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Tuesday Evening in Prineville New Hampshire

Jan 16 2018

Debra,the pastors wife's, heart burns aglow
As she trudges to church ankle deep in the snow.
The key in the lock, the creak of the door
It'sTuesday, the food pantry opens at four.
Her volunteers come as always they do
Three ancient widows and a teenager or two.
white haired widows, hands gnarled with age
Stooped at the shoulders, except for old Paige.
Though 78, Paige can still work like a man
Laying out produce and stacking up cans.
For neighbors are lined up in howling wind
For a free box of groceries and a listening friend.
The other two widows only gossip and chat
But Paige and the teenagers make up for the slack.

Once all the donations cover all of the tables,
Debra opens the door to the poor and disabled.
The first one in the door, as always, is Adam
Showing off his Special Olympics medallion.
He lived in Prineville ever since he was little,
His speech is too loud, punctuated with spittle.
But Debra hugs him without hesitation
He's not there for the food but to get affirmation.

There's a lonesomeness worse than the worst isolation
There's a thirst that's more than a mere empty cup
There's a hunger more hollow than even starvation
But Debra, Paige and Jesus will help fill it up.


Another regular, old Granny Brown
Arrives at the pantry with her permanent frown.
"Shovel your walkway, the ice made me slip,
"I fell on my face and busted my lip."
Debra knows Granny just seeks sympathy
And her story is nothing but hyperbole.
No swelling or bleeding no bruises appear
But Debra still sighs, "Oh my, you poor dear."
Granny, now pacified, focuses solely
On storing up carrots and canned ravioli.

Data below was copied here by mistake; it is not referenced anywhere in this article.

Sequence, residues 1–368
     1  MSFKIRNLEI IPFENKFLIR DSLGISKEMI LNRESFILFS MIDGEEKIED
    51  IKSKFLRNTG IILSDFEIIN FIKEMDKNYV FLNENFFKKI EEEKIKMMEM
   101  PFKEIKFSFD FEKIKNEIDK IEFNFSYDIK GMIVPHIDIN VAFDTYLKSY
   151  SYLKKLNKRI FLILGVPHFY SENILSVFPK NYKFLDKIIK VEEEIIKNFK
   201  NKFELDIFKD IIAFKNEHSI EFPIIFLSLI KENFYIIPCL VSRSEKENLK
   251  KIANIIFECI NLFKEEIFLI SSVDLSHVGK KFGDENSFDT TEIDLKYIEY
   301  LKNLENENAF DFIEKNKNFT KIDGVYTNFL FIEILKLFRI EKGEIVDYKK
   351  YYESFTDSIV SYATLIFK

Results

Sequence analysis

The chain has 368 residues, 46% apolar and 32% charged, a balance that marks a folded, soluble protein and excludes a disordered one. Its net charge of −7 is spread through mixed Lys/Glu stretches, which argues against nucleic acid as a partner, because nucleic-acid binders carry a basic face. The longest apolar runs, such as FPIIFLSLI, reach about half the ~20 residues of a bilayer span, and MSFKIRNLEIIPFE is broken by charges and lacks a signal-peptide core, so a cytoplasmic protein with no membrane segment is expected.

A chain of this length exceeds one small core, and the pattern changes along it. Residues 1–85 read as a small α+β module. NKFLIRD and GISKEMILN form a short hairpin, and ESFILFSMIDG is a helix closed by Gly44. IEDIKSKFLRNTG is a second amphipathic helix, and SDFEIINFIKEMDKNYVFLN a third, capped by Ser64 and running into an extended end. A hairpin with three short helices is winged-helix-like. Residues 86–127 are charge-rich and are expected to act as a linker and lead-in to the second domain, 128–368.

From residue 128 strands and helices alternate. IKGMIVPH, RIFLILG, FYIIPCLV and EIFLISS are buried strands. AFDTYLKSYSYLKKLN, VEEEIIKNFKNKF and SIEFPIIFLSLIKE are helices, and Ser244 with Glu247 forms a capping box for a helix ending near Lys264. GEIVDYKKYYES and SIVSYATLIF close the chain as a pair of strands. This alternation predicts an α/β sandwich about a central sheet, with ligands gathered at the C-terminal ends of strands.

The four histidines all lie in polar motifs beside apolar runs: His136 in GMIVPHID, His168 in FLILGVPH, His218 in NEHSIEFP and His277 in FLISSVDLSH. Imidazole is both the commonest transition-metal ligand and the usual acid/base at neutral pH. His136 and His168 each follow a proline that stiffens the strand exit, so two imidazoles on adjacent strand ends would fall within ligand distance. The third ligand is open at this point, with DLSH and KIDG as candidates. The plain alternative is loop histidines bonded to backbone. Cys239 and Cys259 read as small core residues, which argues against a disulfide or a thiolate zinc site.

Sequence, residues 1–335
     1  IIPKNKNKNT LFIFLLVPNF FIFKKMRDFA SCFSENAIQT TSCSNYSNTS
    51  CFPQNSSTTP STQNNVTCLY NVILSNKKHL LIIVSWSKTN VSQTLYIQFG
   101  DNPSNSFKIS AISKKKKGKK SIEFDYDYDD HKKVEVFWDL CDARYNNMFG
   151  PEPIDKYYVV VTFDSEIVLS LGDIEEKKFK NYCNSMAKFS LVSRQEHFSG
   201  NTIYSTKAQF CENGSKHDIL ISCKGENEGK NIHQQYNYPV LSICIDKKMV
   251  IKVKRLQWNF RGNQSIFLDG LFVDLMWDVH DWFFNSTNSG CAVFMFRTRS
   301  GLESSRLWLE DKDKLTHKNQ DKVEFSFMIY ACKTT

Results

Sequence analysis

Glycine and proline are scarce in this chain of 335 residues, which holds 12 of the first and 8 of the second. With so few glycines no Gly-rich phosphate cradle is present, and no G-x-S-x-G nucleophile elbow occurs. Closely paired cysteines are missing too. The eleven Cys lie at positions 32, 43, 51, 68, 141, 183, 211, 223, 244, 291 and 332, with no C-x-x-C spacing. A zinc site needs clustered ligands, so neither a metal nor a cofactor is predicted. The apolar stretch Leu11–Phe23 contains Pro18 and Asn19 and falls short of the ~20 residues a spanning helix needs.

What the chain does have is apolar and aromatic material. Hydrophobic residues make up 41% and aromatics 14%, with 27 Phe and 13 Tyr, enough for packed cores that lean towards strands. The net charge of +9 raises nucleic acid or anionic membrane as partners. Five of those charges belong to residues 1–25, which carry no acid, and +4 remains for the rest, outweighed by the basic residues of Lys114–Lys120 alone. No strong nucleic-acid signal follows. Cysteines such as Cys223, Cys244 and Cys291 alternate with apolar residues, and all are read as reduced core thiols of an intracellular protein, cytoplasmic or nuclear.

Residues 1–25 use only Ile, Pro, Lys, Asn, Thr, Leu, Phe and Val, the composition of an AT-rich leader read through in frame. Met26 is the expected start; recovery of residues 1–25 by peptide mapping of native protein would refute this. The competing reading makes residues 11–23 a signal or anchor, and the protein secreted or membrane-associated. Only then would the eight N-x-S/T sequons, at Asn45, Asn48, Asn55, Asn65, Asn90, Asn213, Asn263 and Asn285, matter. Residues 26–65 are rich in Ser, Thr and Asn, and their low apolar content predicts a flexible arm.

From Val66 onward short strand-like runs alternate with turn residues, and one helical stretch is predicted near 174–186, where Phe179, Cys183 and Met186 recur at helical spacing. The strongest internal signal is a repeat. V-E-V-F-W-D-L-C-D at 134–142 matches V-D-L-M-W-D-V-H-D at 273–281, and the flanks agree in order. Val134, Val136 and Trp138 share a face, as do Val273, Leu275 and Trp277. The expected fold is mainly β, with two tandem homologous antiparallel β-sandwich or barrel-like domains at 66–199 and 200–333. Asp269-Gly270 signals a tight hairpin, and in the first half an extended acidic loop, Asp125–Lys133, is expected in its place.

There's a lonesomeness worse than the worst isolation
There's a thirst that's more than a mere empty cup
There's a hunger more hollow than even starvation
But Debra, Paige and Jesus will help fill it up.


An overweight deaf man comes next in the line
So one of the teenagers tries his hardest sign.
He wants to say, " Good to see you, again"
But really he tells him, "You look hot, my friend."
The old deaf man resists laughing out loud
At least the kid tried, unlike most of the crowd.
He signs back to the kid, "Such nasty weather.
Keep learning to sign; you're doing much better."

There's a lonesomeness worse than the worst isolation
There's a thirst that's more than a mere empty cup
There's a hunger more hollow than even starvation
But Debra, Paige and Jesus will help fill it up.

The evening is ending, the crowd is dispersed
Snow is still falling, but they've avoided the worst
With ten minutes to go, Rebecca comes in
A scarf hinds her face from the shame and the wind.
Just twenty-two, a petite introvert
With the face of an angel, and four years of hurt
She comes every week for a box to bring home
And she always comes last and always alone
She's ashamed that she needs this, and also she fears
She'll become like the others in five or six years.
But for now she is hungry, there's really no choice,
So she comes for some groceries and to hear Debra's voice.
Like an old high school friend who she's not seen for years
Debra embraces Rebecca with smiles and tears.

There's a lonesomeness worse than the worst isolation
There's a thirst that's more than a mere empty cup
There's a hunger more hollow than even starvation
But Debra, Paige and Jesus will help fill it up.

The evening is over, the widows have left
Except for old Paige who'll clean up the mess
With the help of the teens, the excess is packed
The tables are folded, the chairs are all stacked
When the vacuuming's over, and the rooms just like before
Debra locks up the basement and closes the door
She walks to the parsonage through the last flakes of snow
At peace and contented, her heart still aglow.

There's a lonesomeness worse than the worst isolation
There's a thirst that's more than a mere empty cup
There's a hunger more hollow than even starvation
But Debra, Paige and Jesus will help fill it up.

















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